Mortgage rates are surging to their highest level in over a decade as the Federal Reserve continues to raise its benchmark rate to control inflation, but homebuyers are finding ways to cope. A growing number of buyers are making higher down payments to lower the amount they have to finance, while those purchasing homes under construction are locking in rates now rather than facing more gains in the near future, Realtor.com reports.
Roughly 75% of customers at mortgage lender Neat Loans opted to pay for discount points in the first quarter to hold onto affordable rates, and many are also paying fees to secure lower rates through rate-lock agreements, a trend likely to grow nationwide as the 30-year fixed-rate mortgage climbs higher.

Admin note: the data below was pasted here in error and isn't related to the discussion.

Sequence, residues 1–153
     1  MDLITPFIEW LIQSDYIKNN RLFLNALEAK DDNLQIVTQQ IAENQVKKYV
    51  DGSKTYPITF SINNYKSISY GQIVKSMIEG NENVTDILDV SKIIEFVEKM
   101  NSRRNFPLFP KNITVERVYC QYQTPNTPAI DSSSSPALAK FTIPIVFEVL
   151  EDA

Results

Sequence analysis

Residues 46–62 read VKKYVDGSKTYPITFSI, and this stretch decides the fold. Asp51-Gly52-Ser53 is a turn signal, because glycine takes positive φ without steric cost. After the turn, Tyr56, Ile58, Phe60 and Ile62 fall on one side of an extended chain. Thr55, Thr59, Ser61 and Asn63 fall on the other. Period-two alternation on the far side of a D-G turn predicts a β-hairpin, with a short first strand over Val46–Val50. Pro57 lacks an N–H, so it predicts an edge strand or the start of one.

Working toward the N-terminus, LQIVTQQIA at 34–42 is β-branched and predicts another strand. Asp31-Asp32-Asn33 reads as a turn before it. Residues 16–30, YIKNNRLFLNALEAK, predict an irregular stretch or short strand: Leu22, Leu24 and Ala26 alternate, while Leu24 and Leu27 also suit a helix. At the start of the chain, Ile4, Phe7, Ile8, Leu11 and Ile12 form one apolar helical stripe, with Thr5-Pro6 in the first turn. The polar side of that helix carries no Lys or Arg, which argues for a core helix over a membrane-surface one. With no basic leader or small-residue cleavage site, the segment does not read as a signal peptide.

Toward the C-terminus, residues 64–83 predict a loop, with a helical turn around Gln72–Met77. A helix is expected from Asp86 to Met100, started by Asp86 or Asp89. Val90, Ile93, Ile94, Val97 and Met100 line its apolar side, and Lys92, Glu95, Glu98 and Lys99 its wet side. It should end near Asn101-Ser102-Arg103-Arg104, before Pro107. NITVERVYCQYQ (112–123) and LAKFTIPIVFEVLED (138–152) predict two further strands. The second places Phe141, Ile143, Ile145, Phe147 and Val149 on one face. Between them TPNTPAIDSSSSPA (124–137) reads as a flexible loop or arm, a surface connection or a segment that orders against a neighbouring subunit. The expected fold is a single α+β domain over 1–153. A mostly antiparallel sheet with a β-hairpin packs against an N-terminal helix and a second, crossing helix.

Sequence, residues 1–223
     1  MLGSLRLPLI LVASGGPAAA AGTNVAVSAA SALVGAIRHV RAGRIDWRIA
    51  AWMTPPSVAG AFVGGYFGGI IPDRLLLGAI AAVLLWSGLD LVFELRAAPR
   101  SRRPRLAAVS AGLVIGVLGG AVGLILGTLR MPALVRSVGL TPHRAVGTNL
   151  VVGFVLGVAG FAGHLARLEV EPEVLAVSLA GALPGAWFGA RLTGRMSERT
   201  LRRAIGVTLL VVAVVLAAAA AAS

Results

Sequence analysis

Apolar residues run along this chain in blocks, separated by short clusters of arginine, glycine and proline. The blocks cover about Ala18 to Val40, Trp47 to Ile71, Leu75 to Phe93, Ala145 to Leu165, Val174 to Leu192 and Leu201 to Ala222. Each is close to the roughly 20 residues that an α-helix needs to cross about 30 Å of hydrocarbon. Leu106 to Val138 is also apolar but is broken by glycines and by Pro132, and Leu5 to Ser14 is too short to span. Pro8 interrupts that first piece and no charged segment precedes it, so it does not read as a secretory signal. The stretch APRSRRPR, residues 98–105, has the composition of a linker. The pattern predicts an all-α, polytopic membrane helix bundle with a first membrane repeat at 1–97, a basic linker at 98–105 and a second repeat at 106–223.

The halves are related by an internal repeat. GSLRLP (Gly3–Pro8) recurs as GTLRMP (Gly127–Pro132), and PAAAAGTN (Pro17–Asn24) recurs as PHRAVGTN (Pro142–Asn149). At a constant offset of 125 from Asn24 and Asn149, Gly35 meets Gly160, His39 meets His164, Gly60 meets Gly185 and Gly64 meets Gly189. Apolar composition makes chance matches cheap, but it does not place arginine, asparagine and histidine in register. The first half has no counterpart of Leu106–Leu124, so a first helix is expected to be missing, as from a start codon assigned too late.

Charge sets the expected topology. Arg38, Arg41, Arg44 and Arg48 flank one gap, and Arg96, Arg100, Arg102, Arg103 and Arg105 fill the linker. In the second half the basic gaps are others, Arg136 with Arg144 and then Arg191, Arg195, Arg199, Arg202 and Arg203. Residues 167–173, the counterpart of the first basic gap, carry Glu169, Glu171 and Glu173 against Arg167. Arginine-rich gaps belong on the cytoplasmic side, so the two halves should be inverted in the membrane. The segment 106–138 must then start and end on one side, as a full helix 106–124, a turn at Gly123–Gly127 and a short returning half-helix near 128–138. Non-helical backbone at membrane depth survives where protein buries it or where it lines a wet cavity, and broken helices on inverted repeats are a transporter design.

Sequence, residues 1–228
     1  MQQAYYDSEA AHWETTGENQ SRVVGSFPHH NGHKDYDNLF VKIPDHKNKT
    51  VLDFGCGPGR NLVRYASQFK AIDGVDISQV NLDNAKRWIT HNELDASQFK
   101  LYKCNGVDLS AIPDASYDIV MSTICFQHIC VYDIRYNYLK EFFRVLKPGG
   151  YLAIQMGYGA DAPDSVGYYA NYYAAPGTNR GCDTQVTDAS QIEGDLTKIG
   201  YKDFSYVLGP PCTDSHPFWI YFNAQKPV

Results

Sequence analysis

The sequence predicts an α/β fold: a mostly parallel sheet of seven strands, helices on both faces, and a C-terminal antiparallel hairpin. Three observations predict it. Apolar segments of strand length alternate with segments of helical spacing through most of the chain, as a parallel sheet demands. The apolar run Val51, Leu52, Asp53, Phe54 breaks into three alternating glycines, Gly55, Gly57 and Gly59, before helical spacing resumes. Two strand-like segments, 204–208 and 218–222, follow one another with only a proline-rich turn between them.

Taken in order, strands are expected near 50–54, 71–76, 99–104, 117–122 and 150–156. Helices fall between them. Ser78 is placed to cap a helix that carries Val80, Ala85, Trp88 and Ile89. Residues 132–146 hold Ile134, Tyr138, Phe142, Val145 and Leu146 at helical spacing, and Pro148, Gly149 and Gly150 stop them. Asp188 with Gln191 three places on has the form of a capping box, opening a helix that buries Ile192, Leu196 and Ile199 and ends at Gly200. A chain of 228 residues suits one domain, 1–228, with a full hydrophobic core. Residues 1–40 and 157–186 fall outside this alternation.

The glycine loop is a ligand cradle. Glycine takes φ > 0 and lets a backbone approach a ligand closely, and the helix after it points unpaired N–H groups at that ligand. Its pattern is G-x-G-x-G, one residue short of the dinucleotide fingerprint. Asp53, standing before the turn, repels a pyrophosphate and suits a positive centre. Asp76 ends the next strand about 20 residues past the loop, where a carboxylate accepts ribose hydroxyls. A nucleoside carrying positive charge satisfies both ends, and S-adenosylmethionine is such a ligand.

Jared Hansen, a real-estate agent in Salt Lake County, Utah, said higher rates have pushed about 15 prospective clients off the market this year. Some of those who can still afford to buy are looking at mortgages with lower introductory rates that reset in five, seven or 10 years.
Average rates on adjustable mortgages last week ranged from 3.69% to 5.03%, depending on the loan terms, according to Bankrate.com. The website’s average rate on a 30-year fixed rate mortgage was 5.22% over the same period.